Covenant Review reports that over the past two years, leverage multiples for leverage buyouts, or LBOs, based upon adjusted EBITDA has been running in the vicinity of 5.5x, while leverage based upon reported EBITDA has ranged from about 6.0x to 7.5x, with each of the last four quarters as of March 31 exceeding 7.0x. There is nothing new per se about add-backs, but the gap is wide and points to stretching, referenced by the Creditflux panel to indicate leverage that is higher than it appears.

Xtract Research offers a case in point with the term lenders to J. Crew Group, which operates struggling retailer J Crew. Its total leverage was 8.4x latest twelve-months adjusted EBITDA as of March 31; however, leverage calculated under the looser covenant definition was below the 6.0x requirement after add-backs for costs to close and open stores, for strategic initiatives and for business optimization costs. The research firm does not describe what the difference is between the reported “adjusted” EBITDA and reported EBITDA; nevertheless, the effect of the add-backs is to disguise leverage and therefore credit risk. In J. Crew’s case the “who cares” about adjusted and covenant EBITDA multiple matters because the term loan creditors are litigating the rights to the trademark that were moved from one subsidiary to another to affect a restructuring of other debt. One of the covenant tests is, of course, debt that does not exceed 6.0x EBITDA to take certain actions.

Public-market equity investors should sympathize with the credit investors who are pointing fingers at each other about who is responsible for moving the goal posts. Maybe it was equity investors who set the stage. The panel did not offer any dating of out-of-control adjustments to EBITDA, but my comparative public equity analogy began a couple of decades ago when investors began to focus less on what a company made in the form of latest-12-month earnings in favor of quarterly operating earnings that are necessary to create a bridge to the next year’s higher earnings. When that next year arrives, the process is repeated via add-backs to create the bridge to the subsequent year with its higher earnings. Wall Street is a sales organization, and the focus on next year’s higher earnings offers a lower valuation than the here-and-now as reported.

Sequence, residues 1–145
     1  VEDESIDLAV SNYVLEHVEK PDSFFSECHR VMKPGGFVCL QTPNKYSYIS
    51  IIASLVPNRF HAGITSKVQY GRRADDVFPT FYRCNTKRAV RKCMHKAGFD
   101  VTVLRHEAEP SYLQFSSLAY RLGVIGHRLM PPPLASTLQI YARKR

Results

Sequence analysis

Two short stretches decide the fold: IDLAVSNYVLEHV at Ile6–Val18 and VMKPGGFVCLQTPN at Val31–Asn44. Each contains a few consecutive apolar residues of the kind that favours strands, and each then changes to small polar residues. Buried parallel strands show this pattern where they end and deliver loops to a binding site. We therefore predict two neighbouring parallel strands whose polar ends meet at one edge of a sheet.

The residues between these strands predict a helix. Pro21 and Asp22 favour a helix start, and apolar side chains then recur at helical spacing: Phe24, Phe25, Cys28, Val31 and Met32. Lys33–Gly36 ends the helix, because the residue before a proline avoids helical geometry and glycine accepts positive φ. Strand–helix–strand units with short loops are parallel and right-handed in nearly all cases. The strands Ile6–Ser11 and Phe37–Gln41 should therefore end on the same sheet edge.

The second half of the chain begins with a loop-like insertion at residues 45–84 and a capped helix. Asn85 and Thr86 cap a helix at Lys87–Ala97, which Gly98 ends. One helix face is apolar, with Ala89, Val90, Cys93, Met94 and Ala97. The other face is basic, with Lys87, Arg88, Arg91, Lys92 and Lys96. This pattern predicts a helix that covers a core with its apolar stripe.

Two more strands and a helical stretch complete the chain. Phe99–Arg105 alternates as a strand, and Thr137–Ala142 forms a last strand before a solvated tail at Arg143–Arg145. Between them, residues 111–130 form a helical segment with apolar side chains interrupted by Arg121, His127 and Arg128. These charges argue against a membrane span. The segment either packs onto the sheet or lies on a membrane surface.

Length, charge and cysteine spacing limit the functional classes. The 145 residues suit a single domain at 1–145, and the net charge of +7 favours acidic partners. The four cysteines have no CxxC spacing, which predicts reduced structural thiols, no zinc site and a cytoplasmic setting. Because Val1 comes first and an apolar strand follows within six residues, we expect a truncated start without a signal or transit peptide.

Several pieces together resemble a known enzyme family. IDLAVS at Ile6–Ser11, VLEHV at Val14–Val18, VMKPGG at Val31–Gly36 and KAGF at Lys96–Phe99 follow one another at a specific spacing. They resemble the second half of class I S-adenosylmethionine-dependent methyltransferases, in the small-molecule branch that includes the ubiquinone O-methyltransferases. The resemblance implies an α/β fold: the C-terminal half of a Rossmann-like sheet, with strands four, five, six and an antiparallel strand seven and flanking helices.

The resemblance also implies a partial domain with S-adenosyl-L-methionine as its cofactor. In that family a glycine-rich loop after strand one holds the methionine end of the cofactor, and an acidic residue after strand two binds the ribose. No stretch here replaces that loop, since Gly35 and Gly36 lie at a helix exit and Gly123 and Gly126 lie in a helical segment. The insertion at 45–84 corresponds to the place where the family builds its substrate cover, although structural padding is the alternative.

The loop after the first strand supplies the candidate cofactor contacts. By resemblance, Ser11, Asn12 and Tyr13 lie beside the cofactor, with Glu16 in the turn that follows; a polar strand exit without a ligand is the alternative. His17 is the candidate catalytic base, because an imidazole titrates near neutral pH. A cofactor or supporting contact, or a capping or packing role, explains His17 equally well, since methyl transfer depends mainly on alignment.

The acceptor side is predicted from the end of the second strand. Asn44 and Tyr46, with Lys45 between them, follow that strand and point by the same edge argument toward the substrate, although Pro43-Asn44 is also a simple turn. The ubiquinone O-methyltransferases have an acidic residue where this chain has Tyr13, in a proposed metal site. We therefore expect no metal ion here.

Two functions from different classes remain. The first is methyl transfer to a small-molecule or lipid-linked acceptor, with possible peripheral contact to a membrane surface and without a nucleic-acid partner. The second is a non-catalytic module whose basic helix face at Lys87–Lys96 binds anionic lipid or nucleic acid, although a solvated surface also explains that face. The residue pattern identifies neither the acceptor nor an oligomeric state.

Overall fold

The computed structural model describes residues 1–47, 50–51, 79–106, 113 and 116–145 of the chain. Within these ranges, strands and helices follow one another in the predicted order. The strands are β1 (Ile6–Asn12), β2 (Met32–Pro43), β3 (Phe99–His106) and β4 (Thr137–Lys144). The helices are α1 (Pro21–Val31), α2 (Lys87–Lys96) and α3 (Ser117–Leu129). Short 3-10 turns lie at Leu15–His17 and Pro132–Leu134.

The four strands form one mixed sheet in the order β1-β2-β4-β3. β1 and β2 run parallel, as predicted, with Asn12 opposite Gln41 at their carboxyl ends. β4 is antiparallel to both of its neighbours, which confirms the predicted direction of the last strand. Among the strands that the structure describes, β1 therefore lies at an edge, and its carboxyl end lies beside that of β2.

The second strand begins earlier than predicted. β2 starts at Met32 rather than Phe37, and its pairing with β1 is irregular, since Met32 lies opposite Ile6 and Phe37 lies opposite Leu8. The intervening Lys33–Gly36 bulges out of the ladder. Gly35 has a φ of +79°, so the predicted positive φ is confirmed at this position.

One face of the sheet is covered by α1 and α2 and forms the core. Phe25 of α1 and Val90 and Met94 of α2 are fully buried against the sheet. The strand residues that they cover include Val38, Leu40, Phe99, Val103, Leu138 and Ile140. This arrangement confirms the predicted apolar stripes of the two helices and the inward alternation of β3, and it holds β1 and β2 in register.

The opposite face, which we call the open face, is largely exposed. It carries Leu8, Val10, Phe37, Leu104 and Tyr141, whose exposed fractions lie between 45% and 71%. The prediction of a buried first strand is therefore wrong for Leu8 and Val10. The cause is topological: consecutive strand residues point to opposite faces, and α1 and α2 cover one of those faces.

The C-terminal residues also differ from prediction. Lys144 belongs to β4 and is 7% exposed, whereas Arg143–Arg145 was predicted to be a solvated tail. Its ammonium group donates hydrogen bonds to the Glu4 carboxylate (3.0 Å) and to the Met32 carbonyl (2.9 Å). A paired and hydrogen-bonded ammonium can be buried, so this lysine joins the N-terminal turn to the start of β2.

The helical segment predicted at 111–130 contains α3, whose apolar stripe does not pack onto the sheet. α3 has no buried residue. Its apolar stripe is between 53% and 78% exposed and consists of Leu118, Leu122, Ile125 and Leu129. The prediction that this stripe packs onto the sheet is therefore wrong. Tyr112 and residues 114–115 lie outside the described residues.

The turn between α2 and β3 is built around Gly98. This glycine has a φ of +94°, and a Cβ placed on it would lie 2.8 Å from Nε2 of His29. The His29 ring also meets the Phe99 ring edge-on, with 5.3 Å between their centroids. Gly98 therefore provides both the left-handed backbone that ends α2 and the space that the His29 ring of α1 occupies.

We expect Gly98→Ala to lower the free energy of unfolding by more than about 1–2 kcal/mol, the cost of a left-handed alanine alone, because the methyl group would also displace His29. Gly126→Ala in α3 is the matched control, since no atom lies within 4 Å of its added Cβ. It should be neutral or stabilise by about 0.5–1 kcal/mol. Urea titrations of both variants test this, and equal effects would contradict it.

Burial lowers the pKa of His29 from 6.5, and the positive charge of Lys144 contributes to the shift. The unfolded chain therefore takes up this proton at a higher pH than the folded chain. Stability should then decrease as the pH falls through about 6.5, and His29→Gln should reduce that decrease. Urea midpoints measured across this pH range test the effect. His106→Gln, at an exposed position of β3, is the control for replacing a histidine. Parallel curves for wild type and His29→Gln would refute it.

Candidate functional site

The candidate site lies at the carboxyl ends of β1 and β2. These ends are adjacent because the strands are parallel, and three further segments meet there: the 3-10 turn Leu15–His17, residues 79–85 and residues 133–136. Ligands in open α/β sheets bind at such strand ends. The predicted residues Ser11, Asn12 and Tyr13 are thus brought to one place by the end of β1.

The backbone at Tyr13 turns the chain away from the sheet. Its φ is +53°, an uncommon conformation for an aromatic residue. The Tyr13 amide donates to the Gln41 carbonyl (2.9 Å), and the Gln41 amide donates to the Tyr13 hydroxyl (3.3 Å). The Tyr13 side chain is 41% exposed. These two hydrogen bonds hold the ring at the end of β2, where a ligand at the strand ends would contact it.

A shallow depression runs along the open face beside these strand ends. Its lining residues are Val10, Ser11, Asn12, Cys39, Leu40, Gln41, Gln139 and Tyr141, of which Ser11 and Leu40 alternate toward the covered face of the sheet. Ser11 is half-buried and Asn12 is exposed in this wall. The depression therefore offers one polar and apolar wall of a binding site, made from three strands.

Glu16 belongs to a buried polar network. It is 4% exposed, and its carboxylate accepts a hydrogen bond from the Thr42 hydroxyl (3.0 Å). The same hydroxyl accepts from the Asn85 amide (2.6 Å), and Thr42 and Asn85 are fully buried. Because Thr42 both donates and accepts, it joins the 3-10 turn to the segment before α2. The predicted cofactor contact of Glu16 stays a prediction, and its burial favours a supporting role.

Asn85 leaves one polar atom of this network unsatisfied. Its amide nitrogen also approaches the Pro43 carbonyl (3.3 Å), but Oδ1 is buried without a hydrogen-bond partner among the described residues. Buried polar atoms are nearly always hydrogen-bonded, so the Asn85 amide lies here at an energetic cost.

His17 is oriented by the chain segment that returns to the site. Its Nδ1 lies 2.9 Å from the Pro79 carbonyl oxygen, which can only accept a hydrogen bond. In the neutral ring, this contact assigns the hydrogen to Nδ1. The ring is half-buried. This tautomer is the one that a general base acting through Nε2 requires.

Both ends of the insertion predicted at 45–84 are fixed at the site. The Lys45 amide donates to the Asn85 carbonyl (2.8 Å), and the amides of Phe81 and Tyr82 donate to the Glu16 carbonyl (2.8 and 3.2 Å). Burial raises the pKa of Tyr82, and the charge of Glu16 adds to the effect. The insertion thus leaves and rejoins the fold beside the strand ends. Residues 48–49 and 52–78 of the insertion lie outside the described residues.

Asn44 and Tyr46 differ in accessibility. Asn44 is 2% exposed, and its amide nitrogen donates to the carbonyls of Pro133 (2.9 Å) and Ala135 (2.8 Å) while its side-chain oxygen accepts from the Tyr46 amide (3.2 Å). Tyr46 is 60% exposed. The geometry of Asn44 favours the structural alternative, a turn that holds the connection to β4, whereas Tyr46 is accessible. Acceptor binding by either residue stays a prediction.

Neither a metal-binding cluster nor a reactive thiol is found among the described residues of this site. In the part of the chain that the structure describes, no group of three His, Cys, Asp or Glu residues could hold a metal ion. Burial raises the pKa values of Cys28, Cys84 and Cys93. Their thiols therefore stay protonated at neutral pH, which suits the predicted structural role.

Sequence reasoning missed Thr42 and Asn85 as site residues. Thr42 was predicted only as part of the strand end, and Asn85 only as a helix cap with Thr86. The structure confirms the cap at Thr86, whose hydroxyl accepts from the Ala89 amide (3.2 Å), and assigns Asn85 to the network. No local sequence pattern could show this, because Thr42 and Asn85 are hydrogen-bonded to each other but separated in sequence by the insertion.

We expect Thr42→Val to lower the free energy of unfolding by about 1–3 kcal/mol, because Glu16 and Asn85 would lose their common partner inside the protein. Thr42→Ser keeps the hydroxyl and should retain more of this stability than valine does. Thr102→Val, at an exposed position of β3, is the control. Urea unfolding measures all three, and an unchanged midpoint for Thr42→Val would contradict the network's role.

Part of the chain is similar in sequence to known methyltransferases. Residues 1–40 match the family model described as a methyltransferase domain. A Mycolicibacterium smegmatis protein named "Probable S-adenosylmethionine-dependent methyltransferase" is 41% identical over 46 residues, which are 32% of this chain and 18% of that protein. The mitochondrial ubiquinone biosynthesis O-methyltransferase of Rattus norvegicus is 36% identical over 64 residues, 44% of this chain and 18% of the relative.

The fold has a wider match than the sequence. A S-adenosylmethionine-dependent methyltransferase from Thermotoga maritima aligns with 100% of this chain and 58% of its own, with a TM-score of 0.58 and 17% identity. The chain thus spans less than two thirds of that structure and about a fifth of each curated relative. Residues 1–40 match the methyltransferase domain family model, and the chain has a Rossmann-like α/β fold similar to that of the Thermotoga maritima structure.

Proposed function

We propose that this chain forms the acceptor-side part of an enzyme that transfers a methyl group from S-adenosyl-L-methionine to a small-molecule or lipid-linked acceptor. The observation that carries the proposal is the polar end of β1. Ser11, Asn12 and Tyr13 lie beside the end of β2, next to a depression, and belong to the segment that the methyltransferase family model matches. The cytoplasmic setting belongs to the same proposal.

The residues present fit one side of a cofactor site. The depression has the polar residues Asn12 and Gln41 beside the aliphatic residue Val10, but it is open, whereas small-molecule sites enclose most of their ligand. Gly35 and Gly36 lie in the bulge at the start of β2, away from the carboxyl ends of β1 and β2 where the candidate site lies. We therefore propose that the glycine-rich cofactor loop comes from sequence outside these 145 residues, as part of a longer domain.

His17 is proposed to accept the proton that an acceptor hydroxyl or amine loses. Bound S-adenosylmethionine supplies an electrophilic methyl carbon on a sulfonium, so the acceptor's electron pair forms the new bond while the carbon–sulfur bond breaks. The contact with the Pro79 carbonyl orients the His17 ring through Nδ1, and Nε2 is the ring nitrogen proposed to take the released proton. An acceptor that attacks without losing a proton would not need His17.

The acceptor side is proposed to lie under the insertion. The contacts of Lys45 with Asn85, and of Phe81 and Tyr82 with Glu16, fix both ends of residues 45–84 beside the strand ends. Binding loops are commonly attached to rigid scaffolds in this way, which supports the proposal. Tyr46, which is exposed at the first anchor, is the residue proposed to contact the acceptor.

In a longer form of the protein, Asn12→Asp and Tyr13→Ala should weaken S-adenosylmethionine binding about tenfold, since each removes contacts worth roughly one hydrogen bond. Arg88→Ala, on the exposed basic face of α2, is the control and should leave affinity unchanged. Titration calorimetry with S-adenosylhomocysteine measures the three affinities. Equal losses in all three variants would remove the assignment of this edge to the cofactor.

One other observation made by the credit investors centered on liquidity risk with finger-pointing that some elements of the private credit market were overly reliant on short-term borrowings to fund longer-term assets. If Fed hikes, as some now argue, are really designed to somewhat deflate asset bubbles, then the comment is an interesting one. Funding mismatches can lead to more pressure on asset values, even unrelated ones as long as they are liquid, as levered investors are forced to sell assets that cannot be refinanced.

All this is not to argue a turn in the credit cycle is at hand, but many of the traditional signs that it is late in the cycle are popping up, including Fed rate hikes and what appears to be stretching in the credit markets to find incremental yield.